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Interview, Gerald Peregrine on Folk Tales

Gerald PeregrineIrish cellist Gerald Peregrine continues to explore the influences of folk music in the music of British and Irish composers of the twentieth century - musicians who looked to nature and folksong for an alternative to the more conservative approaches adopted by their predecessors.

His second volume of Folk Tales for cello and piano also draws on his experiences putting on over two thousand 'Covid Care Concerts' in a variety of medical settings around Ireland during the pandemic - performances which inspired him to make his own arrangements of well-loved Irish folksongs, which here sit alongside works by Vaughan WIlliams, Ireland, Bridge and others.

I spoke to Gerald about the influences that helped shape this album, and what makes the music on it so unique.

The first volume of Folk Tales was released back 2019, while this one incorporates several arrangements that you made for performance in your ‘Covid Care Concerts’ over the course of the pandemic; was the desire to record these part of the impetus for making a second album?

I had always wanted to record a follow up album, as there was such wide variety of composers and pieces that I was interested in performing.

I grew up surrounded by a large family of successful professional musicians, many of whom had already recorded their own versions of the most popular Irish Airs.

I had the chance to play these pieces very often during the pandemic, with some of Ireland’s finest traditional musicians, and this gave me the confidence to finally commit my own version to disc.

Do you find that performing ‘wordless’ versions of vocal music (such as the Vaughan Williams Songs of Travel) allows you more interpretative freedom, or do you try to stick close to what the original words were about?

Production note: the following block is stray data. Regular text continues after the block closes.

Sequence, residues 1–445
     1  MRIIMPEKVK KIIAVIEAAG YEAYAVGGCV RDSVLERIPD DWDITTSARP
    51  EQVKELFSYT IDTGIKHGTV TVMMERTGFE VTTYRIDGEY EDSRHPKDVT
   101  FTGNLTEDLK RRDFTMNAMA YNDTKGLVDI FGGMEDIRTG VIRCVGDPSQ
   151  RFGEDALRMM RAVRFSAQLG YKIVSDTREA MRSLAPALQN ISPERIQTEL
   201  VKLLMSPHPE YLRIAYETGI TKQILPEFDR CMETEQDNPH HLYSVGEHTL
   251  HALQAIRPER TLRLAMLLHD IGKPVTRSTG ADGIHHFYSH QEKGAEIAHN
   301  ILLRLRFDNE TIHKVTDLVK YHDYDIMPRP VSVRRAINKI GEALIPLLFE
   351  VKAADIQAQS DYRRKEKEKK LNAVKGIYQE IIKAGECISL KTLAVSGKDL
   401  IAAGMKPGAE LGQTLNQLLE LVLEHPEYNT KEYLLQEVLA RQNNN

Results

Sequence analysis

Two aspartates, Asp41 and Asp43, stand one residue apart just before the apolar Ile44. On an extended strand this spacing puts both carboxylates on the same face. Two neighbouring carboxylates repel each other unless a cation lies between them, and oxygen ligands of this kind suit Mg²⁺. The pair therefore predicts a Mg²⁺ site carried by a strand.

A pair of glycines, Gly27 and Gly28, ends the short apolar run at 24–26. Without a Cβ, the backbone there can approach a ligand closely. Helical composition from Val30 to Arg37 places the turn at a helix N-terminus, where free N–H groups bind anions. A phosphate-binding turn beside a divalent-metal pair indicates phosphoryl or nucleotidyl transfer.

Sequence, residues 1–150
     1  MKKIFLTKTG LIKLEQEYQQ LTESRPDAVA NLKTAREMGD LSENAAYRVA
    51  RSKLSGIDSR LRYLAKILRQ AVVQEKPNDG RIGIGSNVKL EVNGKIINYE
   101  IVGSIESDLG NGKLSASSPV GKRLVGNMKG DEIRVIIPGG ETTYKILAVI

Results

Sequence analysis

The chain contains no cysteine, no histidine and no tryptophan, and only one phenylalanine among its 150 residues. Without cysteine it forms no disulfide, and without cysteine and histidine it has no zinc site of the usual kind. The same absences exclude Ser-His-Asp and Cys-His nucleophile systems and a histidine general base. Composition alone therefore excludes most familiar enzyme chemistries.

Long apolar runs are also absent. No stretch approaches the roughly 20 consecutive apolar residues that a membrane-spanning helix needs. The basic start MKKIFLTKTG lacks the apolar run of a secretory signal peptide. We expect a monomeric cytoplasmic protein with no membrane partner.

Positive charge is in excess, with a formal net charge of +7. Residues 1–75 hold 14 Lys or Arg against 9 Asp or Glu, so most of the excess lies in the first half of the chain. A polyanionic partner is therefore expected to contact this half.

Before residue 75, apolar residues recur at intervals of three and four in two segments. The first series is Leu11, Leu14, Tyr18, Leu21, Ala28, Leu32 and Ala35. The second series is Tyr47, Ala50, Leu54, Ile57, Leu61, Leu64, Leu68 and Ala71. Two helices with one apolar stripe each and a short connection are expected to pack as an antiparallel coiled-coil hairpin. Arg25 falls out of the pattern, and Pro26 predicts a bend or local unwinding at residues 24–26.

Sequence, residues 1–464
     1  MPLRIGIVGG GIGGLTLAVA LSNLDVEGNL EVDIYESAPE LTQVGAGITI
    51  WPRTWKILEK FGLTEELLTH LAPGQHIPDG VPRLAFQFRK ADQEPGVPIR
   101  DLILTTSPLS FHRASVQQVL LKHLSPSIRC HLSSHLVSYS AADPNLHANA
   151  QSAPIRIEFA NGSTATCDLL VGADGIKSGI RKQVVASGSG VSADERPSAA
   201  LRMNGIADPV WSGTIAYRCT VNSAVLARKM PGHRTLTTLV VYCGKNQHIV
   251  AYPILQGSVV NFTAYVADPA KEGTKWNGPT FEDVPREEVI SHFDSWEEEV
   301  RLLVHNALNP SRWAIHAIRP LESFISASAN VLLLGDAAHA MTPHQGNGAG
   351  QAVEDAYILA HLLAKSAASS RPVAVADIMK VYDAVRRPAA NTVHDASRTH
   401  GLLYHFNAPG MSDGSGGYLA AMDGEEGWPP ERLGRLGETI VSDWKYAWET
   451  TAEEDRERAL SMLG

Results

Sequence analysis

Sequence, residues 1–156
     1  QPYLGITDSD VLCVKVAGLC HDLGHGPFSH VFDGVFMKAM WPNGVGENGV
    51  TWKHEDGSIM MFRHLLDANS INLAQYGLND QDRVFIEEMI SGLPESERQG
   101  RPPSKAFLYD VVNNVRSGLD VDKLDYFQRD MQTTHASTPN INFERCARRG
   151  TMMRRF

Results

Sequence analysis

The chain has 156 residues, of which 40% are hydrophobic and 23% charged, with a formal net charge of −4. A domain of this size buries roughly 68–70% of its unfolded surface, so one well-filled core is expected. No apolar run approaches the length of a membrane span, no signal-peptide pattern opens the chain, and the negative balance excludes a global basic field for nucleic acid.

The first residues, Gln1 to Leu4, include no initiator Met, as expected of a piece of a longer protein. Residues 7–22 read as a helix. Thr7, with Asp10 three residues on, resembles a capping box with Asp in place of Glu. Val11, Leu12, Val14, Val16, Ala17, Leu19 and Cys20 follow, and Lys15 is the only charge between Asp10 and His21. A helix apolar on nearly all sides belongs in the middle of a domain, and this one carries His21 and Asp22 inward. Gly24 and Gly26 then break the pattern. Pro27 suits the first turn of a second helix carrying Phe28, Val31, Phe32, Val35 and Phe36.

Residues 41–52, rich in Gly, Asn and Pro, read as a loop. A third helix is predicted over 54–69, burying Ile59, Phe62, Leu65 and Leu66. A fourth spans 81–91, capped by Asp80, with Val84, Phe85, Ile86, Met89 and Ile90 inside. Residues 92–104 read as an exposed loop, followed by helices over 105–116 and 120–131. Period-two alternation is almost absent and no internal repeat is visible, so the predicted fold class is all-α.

I am inspired by the words of the songs, as they give a certain amount of context. However, when performing songs on the cello, I mainly focus on the melody and look for nuances to highlight the beauty of the song.

Máire Breatnach, whose The Swans at Coole is featured on this album, has done considerable research into the melismatic, sweeping ‘sean-nós’ singing associated with western Ireland. It’s a real contrast with most other traditional folk-styles of Britain and Ireland. Is there any evidence of that style having crept into the classical sphere, maybe via folksong collectors?

Many Irish classical composers have been inspired by and incorporated traditional Irish music into their work. I was most inspired by a song called ‘Mise Eire” recorded by my cousin Sibéal. The work was written by my cousin Patrick Cassidy and highlights the unique beauty of the sean-nós style of singing.

More broadly - how much distinction do you find between British and Irish composers in this period, in terms of style or the influences they draw on?

There is quite a lot of difference in tone and style. Much of the traditional Irish music that I am drawn to, has a melancholic element, which feels incredibly connected to the past and the history of Ireland. The British composers I chose to record were more inspired by nature and the natural world.

Are there plans for further volumes in this series? There must be plenty more miniatures of this kind out there to explore…

I hope to be able to record a follow up album, if this one is well received. There is so much wonderful music that gets left behind, and it is such a joy to be able to rediscover these works and bring them to a wider audience.

Gerald Peregrine (cello), Antony Ingham (piano), Lynda O'Connor (violin)

Available Formats: CD, MP3, FLAC, Hi-Res FLAC

Gerald Peregrine (cello), Antony Ingham (piano)

Available Formats: CD, MP3, FLAC